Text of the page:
Cecilia emphasized on how marginalized communities’ health and livelihoods were impacted by the pandemic, with 60% of the population, especially women, being employed in the informal sector. It’s extremely difficult for them to manage, let alone mitigating the impacts. At the same time, communities are powerful assets with immense capacity to self-organise and tailor cost-effective solutions to the problems. Cecilia shared an example of a slum in Nairobi, where a youth group took the initiative to take actions, first by communicating important COVID messages, then starting an urban agricultural project creatively to support the most marginalized groups with nutritious food. It is important to look at what the communities are creating and Cecilia gladly shared her observations of how governments are listening to and paying attention to what’s going on on the ground, evolving from the initial restrictive reactions and trying to open up. The reality has also forced and challenged governments worldwide to think differently, to be more inclusive, and to embrace the new way of governing. There’s an emergence of city to city learning opportunities, like Ayanda’s African regional network. As Jason pointed out, many of the laws and bylaws went back to colonial times, Cecilia felt that now is the opportunity to revise that and the governments are also trying to accommodate people and react better. Echoing Ayanda’s view on small-scale improvements, Cecilia agreed that governments are sometimes overtaken by large-scale projects and small-scale solutions are good ways to start. Paris mayor’s concept of a 15-minute neighbourhood and Gehl’s recent survey result that showed that 87% of the population stayed within their neighbourhoods pointed to the importance of planning on a neighbourhood scale and provision of small spaces. Also happening is the intention to move towards a more slow-paced city that’s more walkable and cyclable.
Cecilia reminded all that it’s necessary to reflect on a city-wide scale, and to take this opportune moment to employ an integrated and holistic approach as Ian has explained. UN-Habitat recently launched a source book with WHO on the integration of health and planning. Flexible and multi-functional use of public spaces on local levels and beyond, while keeping safe distances, are topics to explore as well and might require a change in regulations and bylaws. Another key topic is the better management of public spaces, which may not be solely the role of governments, but that of community and the private sector. We need to “restitch and restore our cities” by improving connectivity and networks, and ensuring accessibility and better distribution of spaces. To conclude, Cecilia stressed on how we have to look at places, people, and processes as assets, and reimagine our cities in a better way via communication and partnerships.
Ian said that essentially what we have been proven is it’s one thing to have government and the other to have governance. There are different standards and definitions, and the multiple case studies today showed that those most in need of help through governance are the ones that most failed. We now need to re-approach how we see failure so that we can move forward and make more positive experiences for those who are at the bottom of the scale.
Ana felt that we all are looking at communities as a force that could really activate, while the government would be the facilitator to do that, the communities are the ones that make it powerful. Responding to the question of the difference between collective and public space, Ana pointed out that public spaces are bigger scale spaces that are developed, managed, designed, and provided by the government, while collective spaces are smaller scale intimate spaces on community level that stress on people’s connections. In particular, it doesn’t matter if the space is private property (i.e. POPS) if it possesses public qualities, open to all, and can adapt to flexible needs.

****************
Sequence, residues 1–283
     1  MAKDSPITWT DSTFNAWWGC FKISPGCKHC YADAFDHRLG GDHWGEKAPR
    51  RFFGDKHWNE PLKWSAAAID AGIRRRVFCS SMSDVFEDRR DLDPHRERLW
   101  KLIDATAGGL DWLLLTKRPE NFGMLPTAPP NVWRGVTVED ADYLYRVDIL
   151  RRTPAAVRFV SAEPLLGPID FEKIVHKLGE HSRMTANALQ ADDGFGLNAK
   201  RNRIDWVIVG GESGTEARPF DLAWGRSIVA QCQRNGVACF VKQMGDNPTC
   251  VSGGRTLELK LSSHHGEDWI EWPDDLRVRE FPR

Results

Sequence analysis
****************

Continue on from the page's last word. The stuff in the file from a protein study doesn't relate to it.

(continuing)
Ayanda felt that the vulnerabilities in cities, whether it be informal workers, homelessness, or migrants, are connected with history and we are not learning effectively from it. We should leverage the experiences and lessons learnt, for example, community health workers were set up to help the government touch the ground due to AIDS and HIV in South Africa. Applying such experiences in the field of public space could mean the deployment of community planners to bridge the government and the community. Lastly, Ayanda thought that this is an opportunity for us to be radical in terms of creating solutions and making our cities inclusive and equitable.
Jason referred to his views of spaces being politicized in the sense that many governments are asking marginalised groups to stay out of public space and stay home, yet at the same time, they are mostly living in high density housing with unsanitary conditions due to underlying structural problems. Besides, there’s policing of public space under the guise of liberalism and collectivism. In addition to restitching and repurposing governments, Jason suggested that it might also be a time to depoliticize public space and rethink that as commons and detach it from systems of political parties and partisan issues.
Cecilia averred that now is the time that we can actually have an impact and change that dynamic as many governments have shown the willingness to grab every kind of opportunity to change and improve. Ayanda added to the importance of regional platforms to learn from other cities as cities tend to compete with each other. She stressed the difficulty to establish relationships between universities and the cities in practical matters, but noted that academia is tired of working in silo as well and cross-sectorally people want to collaborate. This is exactly an opportunity for the African hub of public space to generate knowledge on how to strengthen the curriculum, to bring students to work in communities and for all stakeholders to work together around actual projects. This is the only way to change people’s attitudes and perhaps make changes.